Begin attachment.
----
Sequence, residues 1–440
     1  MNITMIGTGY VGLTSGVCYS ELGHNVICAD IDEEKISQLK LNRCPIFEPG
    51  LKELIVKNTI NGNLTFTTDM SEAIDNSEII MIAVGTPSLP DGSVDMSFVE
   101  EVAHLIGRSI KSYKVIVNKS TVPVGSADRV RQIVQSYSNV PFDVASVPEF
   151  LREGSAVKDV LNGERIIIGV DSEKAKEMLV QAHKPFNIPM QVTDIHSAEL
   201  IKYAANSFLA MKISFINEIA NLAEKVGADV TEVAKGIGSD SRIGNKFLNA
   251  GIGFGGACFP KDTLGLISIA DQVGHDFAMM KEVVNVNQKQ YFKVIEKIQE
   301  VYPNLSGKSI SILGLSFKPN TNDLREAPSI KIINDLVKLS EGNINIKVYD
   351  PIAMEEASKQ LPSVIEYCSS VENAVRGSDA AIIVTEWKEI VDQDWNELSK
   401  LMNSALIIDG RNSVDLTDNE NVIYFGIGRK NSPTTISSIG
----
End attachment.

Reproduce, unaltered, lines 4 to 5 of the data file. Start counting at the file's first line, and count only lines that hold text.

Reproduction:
   101  EVAHLIGRSI KSYKVIVNKS TVPVGSADRV RQIVQSYSNV PFDVASVPEF
   151  LREGSAVKDV LNGERIIIGV DSEKAKEMLV QAHKPFNIPM QVTDIHSAEL